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Against All Logic’s ‘2017-2019’ is an ambitious exploration of the electronic world

Chilean-American artist Nicolas Jaar breaks into 2020 with an exciting and provocative new release under the name Against All Logic

<p>Nicolas Jaar — also known as Against All Logic — is a Chilean-American artist and composer.&nbsp;</p>

Nicolas Jaar — also known as Against All Logic — is a Chilean-American artist and composer. 

Last year proved to be an exciting one for Chilean-American artist Nicolas Jaar, having scored the soundtrack for Pablo Larraín's latest film, co-produced FKA twigs' album “Magdalene” and debuted a collaboration with Patrick Higgins. Yet even after all of these accomplishments, Jaar shows no point of stopping. Regarded as one of the best electronic artists of the last decade, Jaar broke into 2020 with his newest project “2017-2019” under the alternate moniker Against All Logic — or A.A.L. — Feb. 7. The album follows the 2018 release of his critically acclaimed “2012-2017,” which was a fun record filled with disco and house grooves that shocked the indie music world. “2017-2019” serves as a contemporary continuation and a more emphatic notion of electronic music’s capacities, particularly in the way it combines elements of old-school rave and trance with industrial techno and house.

Opening with “Fantasy,” a smooth remix of Beyoncé’s 2003 hit “Baby Boy,” the album consists of a series of climactic highs and sinister lows. Each track is flooded with invigorating elements of percussion, as well as supporting melodies ranging from distorted vocals to screeching sirens. Both “Fantasy” and later track “With an Addict” are instances of Jaar building contrast between wavering vocals and industrial beats which compress and decompress throughout each track. This seems to be the only consistency in this album, and one that is particularly notable in Jaar’s overall sound — glitchy distortion that lingers through every song. 

As the title suggests, the songs on this album were recorded between 2017 and 2019, and each of them illustrate Jaar diving into new territory with his music. Once the album reaches the fourth track — “If You Can’t Do It Good, Do It Hard” featuring vocals by Lydia Lunch — the darker undertones of this album emerge, supported by percussion and synths that are harsh and exhilarating. Though Lunch’s lyrics are quite abrasive and somewhat hard to endure, it provides necessary cohesion for the album, notably in its smooth transition into the hard-hitting “Alarm.” These two tracks, in combination with the pulsating “Deeeeeeefers,” make for 12 minutes of industrial, militaristic techno that is hard-hitting and irresistible. “Deeeeeeefers” is a further escalation, a track which takes similar form to an EDM buildup and drop and stretches it across nearly six minutes, until all that is left is a distorted siren and percussion vamps. This section of the album is a delight, and in just three songs Jaar shifts the album from a place of relaxation to a chaotic rage. The last three tracks bring the conclusion of the album to a more melancholic, brooding place — with “You (forever)” ending this masterpiece of an album with the same vigorous energy with which it began.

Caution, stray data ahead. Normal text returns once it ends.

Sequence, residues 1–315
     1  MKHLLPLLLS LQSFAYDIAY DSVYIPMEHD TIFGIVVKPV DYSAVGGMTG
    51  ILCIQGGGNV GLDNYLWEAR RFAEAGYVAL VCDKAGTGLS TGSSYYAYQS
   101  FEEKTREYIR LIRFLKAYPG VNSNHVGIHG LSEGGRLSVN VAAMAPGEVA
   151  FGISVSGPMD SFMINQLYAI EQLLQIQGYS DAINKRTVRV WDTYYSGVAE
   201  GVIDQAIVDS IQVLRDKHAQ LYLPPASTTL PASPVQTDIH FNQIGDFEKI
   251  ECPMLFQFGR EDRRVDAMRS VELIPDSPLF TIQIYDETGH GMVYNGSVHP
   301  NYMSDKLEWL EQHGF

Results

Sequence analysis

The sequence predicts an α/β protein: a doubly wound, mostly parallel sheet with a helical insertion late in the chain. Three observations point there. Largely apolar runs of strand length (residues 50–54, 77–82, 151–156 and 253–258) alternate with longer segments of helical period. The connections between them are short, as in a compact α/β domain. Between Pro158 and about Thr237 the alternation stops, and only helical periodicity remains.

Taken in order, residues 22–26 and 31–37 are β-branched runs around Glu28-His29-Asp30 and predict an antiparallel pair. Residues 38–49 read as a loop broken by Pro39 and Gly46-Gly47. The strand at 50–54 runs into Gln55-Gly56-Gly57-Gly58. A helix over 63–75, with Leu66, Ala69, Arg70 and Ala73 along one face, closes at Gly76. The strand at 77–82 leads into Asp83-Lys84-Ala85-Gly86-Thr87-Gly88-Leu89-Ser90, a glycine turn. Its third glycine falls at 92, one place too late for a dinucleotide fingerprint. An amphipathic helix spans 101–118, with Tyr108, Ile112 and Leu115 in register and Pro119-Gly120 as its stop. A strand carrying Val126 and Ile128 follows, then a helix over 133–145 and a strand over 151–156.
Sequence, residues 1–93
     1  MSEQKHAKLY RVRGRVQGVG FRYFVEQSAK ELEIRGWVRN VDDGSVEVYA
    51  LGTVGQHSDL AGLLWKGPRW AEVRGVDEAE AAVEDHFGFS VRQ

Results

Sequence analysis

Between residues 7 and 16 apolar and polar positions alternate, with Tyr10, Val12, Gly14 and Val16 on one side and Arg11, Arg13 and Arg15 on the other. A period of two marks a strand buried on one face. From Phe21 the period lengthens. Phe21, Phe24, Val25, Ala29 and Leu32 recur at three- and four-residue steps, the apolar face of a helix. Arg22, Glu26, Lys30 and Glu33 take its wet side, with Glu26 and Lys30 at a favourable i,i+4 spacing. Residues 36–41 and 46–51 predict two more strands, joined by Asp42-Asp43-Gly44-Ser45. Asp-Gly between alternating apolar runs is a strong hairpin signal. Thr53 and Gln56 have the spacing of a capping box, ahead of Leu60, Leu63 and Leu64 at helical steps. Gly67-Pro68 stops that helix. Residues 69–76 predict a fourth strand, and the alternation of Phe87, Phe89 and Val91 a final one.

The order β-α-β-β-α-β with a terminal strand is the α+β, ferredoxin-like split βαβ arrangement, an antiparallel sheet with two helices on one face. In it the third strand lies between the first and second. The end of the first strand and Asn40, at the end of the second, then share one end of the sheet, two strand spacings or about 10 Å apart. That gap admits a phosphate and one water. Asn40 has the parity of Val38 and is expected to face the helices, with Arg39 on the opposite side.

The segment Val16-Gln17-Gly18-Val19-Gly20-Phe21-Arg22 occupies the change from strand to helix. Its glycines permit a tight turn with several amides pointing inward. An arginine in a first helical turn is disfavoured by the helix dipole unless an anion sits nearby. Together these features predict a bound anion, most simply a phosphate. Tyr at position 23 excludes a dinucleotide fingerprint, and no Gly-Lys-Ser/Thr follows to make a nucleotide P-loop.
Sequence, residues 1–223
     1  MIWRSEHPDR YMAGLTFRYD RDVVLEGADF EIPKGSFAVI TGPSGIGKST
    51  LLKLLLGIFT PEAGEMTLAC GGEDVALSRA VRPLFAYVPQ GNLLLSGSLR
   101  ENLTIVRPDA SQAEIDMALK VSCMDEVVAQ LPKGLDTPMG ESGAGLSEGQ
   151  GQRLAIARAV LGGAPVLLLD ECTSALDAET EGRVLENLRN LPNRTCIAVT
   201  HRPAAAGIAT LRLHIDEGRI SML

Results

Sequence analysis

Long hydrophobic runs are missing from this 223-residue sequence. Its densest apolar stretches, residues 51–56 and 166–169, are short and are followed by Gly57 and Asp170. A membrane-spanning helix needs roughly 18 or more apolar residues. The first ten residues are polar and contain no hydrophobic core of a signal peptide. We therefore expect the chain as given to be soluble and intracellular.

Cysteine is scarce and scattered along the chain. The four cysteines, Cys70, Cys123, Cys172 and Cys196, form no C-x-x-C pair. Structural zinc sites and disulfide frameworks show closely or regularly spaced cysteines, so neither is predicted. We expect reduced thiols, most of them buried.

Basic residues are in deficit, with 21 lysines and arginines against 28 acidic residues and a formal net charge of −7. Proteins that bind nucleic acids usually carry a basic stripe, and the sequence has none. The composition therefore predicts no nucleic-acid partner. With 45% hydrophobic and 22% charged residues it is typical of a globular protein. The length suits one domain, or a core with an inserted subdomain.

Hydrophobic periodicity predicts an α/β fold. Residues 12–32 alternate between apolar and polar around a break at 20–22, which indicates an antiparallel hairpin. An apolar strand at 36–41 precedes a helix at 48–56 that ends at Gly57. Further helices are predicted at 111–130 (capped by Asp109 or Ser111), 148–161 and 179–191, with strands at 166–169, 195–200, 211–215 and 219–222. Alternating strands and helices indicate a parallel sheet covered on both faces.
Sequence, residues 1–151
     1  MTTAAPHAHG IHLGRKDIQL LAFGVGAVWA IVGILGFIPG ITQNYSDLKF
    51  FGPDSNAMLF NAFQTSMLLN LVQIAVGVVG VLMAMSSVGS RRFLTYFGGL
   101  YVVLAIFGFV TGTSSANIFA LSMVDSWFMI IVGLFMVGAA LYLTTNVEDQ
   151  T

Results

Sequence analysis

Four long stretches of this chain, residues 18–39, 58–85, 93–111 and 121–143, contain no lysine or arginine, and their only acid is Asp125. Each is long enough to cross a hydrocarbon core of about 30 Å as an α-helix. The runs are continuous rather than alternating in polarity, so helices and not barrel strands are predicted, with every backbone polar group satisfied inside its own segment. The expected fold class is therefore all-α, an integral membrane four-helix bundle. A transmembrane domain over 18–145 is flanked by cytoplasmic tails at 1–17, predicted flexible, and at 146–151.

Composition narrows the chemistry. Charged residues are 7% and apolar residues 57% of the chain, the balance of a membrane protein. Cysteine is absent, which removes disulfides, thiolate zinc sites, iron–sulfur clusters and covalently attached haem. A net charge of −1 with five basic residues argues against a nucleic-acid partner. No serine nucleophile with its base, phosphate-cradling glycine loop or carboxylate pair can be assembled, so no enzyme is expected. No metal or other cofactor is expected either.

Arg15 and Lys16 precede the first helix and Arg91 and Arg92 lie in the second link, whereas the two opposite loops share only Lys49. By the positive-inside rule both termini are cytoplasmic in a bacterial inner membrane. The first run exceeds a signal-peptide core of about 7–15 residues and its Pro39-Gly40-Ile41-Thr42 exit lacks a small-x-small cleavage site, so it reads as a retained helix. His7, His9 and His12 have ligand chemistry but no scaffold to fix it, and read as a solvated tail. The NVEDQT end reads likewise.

Though it may not be as accessible as “2012-2017” was for new electronic listeners, Jaar’s latest album provides a different kind of experience — one that is fearlessly engaging. Nicolas Jaar has always been ambitious with his music, and “2017-2019” continues to prove his desire to push boundaries — this album being as intensely energetic as the New York City-based artist has ever been before. Whereas 2018’s “2012-2017” brought forth a funky serenade of house music with impressive production and sampling, Jaar’s latest album provides a more intensive and emotional listen than its predecessor. It is a journey of thrashing beats and unconventionally delivered melodies that mesh well together.

The ambience and sudden bursts of euphoria present in “2012-2017” are still very much alive in “2017-2019,” yet the mechanisms in which Jaar provides them have evolved — leaving behind sample-heavy house for harsh experimentation that succeeds. This album manages to invoke the creativity Jaar expressed on the previous releases under his own name, including the album “Sirens” and the radio network “333.” If this album is an indicator for what Jaar and other electronic music artists have in store for 2020, then there is a lot to be excited for. Evidently, Jaar now has two successful outlets to release provocative music — under his own name and as Against All Logic. Beautifully raw and industrial, “2017-2019” is bursting with harsh, experimental sound that is sincerely unapologetic.